“The public discussion is about working households that are struggling to find or keep a home,” Langford says. “But a lot of single older women tend to be a [vulnerable] cohort. Housing the older generation is a hidden issue here.”

In March, the Demographia International Affordability Index ranked countries by their housing affordability (median house price over pre-tax gross median household income) – a score 5.1 or more is seen as “severely unaffordable”. The UK and Singapore scored 5.3; Australia scored 8.2 and New Zealand a weighty 10.8. But nowhere was close to the unaffordable might of Hong Kong which has an eye-watering score of 18.8.

“There is a dire housing shortage in Hong Kong,” says Paul Man Hong Li MRICS. As well as running his own surveying practice in the city, Li is a member of the Special Committee on Elderly Housing of the Hong Kong Housing Society, one of the largest providers of social and public housing in the region. Inevitably, in an area where accommodation is so hard to secure, the issue of elderly tenants isn’t so much hidden as hiding in plain sight.

Key morphs into a graph

“There is a dire housing shortage in Hong Kong” Paul Man Hong Li MRICS, member of Hong Kong Housing Society

“For people priced out of property ownership and renting private properties, there are other options,” says Li. “They can live in public housing but that is a five and a half year wait (on average) to get to the top of the list and many people end up waiting several years more. Another option is to live in subdivided units.”

Notoriously, not only is Hong Kong’s housing extremely expensive and in short supply, it is also very compact, even measured against European inner-city apartments. Li says that it is not uncommon for a family apartment of 500ft2 to be divided – with the help of partition walls – to accommodate four or even five units. “They’re not entirely legal,” he concedes, “but they’re difficult to avoid because of the lack of better alternatives.” A tenant may have to pay about HK$5,000 (USD$640) per month for one of these units.

The poverty rate among Hong Kong’s elderly is 45%, before policy intervention such as social security allowances. Leaving the crowded city and moving to more affordable parts of the mainland is rarely an option, due to language, cultural issues, lack of social support and difficulty accessing supportive resources, says Li.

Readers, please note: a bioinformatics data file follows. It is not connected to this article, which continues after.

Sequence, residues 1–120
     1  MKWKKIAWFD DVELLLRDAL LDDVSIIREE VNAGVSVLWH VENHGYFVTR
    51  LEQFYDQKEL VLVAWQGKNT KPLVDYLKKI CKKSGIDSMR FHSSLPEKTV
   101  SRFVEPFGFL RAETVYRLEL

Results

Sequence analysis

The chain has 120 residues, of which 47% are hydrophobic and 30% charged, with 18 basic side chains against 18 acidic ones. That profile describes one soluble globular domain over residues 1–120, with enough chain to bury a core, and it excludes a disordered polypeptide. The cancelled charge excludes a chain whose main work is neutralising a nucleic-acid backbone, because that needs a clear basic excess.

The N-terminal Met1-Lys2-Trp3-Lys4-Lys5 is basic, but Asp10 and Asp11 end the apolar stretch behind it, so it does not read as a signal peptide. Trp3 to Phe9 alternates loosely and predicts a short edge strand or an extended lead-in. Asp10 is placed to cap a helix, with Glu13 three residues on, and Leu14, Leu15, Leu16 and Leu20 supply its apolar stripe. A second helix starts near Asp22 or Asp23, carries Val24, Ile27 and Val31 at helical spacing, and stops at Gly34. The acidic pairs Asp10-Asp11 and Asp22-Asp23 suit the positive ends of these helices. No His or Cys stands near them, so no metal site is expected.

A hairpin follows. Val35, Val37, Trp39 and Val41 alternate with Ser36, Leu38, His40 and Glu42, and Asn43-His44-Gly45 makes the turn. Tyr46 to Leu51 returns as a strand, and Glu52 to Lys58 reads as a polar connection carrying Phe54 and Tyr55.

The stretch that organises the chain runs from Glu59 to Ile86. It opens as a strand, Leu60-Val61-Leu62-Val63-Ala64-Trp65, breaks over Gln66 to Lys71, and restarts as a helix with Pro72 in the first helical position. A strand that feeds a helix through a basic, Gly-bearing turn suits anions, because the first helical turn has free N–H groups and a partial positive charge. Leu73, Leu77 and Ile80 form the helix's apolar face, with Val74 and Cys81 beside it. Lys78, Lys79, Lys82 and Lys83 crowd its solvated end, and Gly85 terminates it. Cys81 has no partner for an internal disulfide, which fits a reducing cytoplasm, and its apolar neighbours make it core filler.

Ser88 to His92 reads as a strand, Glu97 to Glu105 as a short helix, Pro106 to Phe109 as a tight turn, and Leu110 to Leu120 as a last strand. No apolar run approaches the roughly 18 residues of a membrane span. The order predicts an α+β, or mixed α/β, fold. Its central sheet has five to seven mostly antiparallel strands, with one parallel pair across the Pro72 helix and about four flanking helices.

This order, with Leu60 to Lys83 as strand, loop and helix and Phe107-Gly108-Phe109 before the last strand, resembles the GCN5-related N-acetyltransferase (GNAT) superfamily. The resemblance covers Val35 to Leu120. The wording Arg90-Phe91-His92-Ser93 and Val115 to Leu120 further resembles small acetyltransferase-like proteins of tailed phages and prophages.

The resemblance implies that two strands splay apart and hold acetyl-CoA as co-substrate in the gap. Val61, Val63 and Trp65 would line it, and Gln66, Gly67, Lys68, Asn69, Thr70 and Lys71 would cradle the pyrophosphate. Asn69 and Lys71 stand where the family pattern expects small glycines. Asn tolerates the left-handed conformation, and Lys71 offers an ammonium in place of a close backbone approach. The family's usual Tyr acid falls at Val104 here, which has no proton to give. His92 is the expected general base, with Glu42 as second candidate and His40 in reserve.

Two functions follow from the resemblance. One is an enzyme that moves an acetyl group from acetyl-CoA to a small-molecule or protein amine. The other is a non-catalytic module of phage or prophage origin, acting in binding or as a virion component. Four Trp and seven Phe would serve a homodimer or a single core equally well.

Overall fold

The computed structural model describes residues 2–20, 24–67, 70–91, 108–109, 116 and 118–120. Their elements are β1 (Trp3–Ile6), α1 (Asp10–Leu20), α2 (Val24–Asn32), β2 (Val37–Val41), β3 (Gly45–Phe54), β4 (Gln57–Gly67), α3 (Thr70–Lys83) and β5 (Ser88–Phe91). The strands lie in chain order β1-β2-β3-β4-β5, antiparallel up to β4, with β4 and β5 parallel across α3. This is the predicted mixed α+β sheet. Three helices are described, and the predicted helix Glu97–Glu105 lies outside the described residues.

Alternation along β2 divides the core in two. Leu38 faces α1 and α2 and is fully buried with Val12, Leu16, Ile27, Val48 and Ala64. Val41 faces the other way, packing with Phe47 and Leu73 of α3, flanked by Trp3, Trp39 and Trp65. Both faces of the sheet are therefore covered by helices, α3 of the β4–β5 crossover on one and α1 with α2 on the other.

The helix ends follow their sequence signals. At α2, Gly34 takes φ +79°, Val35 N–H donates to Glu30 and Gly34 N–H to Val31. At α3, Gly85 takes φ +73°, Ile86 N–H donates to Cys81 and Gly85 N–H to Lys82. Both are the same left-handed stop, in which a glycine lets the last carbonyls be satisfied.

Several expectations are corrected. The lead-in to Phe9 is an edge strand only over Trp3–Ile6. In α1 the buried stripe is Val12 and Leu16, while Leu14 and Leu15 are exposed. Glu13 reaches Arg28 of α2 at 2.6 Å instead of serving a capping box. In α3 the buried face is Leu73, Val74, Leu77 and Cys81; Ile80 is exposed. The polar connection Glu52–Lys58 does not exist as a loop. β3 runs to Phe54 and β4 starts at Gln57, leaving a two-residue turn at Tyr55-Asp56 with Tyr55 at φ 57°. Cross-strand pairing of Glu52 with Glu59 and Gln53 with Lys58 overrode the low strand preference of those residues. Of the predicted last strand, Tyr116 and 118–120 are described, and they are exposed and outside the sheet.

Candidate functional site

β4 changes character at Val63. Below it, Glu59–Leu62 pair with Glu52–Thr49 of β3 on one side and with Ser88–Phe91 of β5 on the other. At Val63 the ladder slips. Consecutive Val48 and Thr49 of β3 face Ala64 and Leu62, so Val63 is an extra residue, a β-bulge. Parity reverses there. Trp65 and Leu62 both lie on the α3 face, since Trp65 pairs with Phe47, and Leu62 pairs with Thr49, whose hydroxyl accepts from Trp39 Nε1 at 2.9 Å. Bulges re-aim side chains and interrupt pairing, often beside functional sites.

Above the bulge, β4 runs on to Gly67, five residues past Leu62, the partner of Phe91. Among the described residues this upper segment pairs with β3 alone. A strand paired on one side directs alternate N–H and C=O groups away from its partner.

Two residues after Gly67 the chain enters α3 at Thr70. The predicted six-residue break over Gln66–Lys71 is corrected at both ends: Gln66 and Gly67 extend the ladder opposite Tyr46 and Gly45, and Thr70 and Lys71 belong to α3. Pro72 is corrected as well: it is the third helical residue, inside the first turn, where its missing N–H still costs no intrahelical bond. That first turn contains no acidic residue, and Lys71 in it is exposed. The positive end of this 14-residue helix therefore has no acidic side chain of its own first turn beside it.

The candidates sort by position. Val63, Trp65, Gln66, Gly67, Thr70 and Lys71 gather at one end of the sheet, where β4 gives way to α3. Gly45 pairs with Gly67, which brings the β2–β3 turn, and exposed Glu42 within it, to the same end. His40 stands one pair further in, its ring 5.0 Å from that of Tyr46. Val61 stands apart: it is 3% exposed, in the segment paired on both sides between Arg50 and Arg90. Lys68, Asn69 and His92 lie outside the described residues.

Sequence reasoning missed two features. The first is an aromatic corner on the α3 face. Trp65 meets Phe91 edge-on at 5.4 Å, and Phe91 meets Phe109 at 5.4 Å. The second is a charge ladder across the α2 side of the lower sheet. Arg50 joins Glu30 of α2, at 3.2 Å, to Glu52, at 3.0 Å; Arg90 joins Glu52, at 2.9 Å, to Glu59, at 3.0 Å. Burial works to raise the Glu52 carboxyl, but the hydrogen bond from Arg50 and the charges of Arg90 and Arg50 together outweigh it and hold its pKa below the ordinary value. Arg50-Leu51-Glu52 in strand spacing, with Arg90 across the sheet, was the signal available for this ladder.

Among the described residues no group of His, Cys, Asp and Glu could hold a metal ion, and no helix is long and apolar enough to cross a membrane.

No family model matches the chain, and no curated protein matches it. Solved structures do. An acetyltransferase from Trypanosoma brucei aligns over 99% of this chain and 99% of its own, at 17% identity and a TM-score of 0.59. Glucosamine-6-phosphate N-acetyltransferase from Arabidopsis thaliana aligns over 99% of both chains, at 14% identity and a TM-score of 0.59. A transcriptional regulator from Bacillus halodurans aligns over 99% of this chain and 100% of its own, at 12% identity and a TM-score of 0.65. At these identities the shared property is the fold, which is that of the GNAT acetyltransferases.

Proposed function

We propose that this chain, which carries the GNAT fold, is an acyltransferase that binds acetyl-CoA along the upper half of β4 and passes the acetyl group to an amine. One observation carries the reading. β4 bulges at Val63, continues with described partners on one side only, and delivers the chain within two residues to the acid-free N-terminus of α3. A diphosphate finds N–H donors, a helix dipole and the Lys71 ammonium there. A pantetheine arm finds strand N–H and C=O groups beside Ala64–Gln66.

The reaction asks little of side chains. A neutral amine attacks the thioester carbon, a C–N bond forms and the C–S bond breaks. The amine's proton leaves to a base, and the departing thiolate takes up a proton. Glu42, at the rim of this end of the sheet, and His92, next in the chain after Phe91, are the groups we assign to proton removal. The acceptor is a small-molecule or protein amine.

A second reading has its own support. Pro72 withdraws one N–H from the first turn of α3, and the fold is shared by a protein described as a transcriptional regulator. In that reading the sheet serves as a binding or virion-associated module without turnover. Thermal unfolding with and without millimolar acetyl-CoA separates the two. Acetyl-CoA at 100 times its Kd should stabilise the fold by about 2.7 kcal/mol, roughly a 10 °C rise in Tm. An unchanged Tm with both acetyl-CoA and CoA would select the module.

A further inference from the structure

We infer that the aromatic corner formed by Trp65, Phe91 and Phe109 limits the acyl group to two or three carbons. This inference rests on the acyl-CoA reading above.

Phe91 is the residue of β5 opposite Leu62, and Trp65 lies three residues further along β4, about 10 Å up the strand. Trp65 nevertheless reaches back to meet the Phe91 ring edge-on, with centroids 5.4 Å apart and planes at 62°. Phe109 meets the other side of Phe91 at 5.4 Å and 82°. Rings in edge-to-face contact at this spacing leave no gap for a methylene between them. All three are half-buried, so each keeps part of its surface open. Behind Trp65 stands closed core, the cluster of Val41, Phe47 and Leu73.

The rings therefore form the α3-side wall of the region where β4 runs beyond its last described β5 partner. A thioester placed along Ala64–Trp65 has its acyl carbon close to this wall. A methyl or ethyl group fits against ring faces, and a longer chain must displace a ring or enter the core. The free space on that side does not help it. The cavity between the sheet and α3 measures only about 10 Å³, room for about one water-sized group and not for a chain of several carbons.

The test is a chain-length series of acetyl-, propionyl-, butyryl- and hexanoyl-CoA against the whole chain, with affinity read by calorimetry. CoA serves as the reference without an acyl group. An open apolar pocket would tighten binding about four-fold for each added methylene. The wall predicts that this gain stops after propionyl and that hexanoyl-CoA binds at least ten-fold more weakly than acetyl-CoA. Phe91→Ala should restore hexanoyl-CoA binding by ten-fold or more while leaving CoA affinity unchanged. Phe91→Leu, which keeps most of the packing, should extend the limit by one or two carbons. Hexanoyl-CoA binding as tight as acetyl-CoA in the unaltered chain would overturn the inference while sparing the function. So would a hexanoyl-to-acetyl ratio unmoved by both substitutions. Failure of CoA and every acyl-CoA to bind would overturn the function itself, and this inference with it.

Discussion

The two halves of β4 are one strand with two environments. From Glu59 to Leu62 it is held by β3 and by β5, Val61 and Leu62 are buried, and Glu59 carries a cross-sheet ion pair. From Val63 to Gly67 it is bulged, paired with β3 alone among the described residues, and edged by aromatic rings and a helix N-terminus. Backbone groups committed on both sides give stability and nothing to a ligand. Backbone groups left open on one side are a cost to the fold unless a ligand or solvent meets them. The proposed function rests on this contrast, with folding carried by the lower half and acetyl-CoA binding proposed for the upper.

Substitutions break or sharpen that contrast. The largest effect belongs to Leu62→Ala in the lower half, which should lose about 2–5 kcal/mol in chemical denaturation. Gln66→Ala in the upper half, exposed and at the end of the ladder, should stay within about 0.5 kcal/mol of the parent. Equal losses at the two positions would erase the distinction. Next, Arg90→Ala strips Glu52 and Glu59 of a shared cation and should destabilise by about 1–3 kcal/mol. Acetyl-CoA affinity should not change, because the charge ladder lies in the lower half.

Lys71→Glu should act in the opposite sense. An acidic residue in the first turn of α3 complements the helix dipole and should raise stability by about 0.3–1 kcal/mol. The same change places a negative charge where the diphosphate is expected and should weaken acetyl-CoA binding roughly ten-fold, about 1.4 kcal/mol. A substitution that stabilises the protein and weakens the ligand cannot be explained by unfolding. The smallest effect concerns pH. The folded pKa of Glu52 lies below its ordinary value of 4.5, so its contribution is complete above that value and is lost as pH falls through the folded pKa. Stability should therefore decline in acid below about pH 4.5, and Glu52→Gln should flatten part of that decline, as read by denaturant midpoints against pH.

And there is another issue which prejudices Hong Kong’s private landlords against elderly tenants: stigmatised property. “This happens when an unnatural death occurs in the property. The value goes down and the owner can find getting a mortgage difficult,” says Li. “It is not unusual to see a 30% discount in these circumstances.” It is understandable that landlords would want to protect their assets from this but very unfortunate for the elderly who are regarded higher risk.


A balanced property portfolio

Roger Southam FRICS is a Caribbean-based real estate consultant with 40 years of experience in the UK and US. He sounds a note of optimism about the issue. “Traditionally ‘small-time’ landlords that account for about 75% of the buy-to-let market and letting agents may have been blinkered,” he says. “But there are some very enlightened developers in many parts of the world and the multi-family homes [build to rent] market is growing exponentially. For those landlords it’s about the long-term.”

These large housing providers will want to establish a balanced portfolio of tenants, including mixed generations. It is a situation that Age UK’s Lisabel Miles would applaud. “Older people can be great tenants. They want to stay once they’ve moved in, they’re less likely to have parties or make a noise. They’re more responsible about looking after a home. We need landlords to recognise that.”